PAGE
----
It doesn’t matter that the only way older people, such as disabled veterans, can see and experience Utah’s share of BLM land is on an OHV. Environmentalists don’t care that their litigious pursuit of policies of anti-access are discriminatory against seniors and people with handicaps. Public lands are for the public, not just those who can carry a backpack 20 miles.

Those with handicaps, senior citizens or those who have small children will miss out on opportunities to experience many great places if Kimball’s ruling results in shutting down motorized access.

The main problem with Judge Kimball’s ruling is that it continues the backward approach that the burden of proof rests on those who want to keep routes open. The vast majority of these roads and trails have been used for decades. It seems that if public access to these trails is to be closed, the burden should be on those who want to close them.

If a trail or road is to be closed, a compelling reason should be offered for the closure.

Closing public access to an area for which access has been open for decades feels like a land grab and a way to ensure use is only allowed for one small special interest group.

Kimball’s ruling is that there hasn’t been enough archaeological cataloging of possible damage caused by these routes. Again, this is suspect reasoning. Whatever damage there is to the archaeological resources on roads and trails, happened decades before the RMP. The travel plan as written, was a way to limit damage — archaeological or otherwise — to the roads and trails, rather than across the entire 2.1 million acres of BLM land administered in Richfield.

Kimball’s ruling also appears to be naïve to the realities of land management on the ground. The level of archaeological cataloging he is requiring, is prohibitively expensive when applied to more than 4,000 miles of roads and trails. It was also not part of the legal protocol when this plan was developed.

If access to these roads and trails is dependent on these in-depth archaeological surveys, it may take years before they are open. It seems like the court has allowed SUWA to use an indefinite delaying tactic by raising the burden of archaeological studies to an unrealistic and possibly unattainable level.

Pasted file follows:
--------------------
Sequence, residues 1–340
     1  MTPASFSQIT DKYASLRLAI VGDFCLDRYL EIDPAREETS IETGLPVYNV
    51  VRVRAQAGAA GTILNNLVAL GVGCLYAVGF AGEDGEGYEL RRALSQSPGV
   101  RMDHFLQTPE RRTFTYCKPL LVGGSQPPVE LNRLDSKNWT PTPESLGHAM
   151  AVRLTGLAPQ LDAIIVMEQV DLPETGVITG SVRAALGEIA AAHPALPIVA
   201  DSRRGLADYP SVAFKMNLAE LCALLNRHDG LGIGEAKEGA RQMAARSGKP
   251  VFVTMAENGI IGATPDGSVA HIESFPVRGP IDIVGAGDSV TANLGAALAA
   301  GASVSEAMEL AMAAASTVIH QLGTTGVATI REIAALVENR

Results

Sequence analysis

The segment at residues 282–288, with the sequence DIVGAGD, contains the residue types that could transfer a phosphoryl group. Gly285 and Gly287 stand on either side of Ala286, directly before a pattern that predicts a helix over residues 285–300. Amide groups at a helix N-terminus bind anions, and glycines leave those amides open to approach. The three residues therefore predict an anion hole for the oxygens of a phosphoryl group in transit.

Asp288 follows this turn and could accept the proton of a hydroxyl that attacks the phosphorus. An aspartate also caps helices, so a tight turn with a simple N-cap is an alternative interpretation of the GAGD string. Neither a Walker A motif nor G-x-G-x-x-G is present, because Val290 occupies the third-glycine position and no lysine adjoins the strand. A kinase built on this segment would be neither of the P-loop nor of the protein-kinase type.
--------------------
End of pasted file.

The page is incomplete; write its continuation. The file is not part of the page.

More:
A key justification for pursuing route closures cited by SUWA, is that it would protect archaeological sites from looting and damage. However, this line of reasoning is also nonsensical. If criminals don’t care about the laws regarding archaeological sites, they surely won’t care about laws that close trails. In essence, access to the sites would be open only to criminals.

In the past 20 years, no group has lost more access to public lands than those who access them on motorized vehicles. Most of these restrictions have been good, because they limit resource damage by requiring people to stay on trails or designated play areas. However, if those trails and play areas are shut off, it kills not only the OHV industry, but the tourism industry as well.

Meanwhile, environmentalist groups — funded by out of state interests that couldn’t find Factory Butte on a map — have continued to take more and more.

It’s time to stop.

This ruling needs to be appealed by the BLM. County governments need to step in and make their voices heard. The public needs to talk to its elected officials and let them know that these efforts to shut down motorized access are unacceptable. This needs to be fought at every level.

In accordance with Title 17 U.S.C. Section 107, any copyrighted work in this message is distributed under fair use without profit or payment for non-profit research and educational purposes only. [Ref. http://www.law.cornell.edu/uscode/17/107.shtml]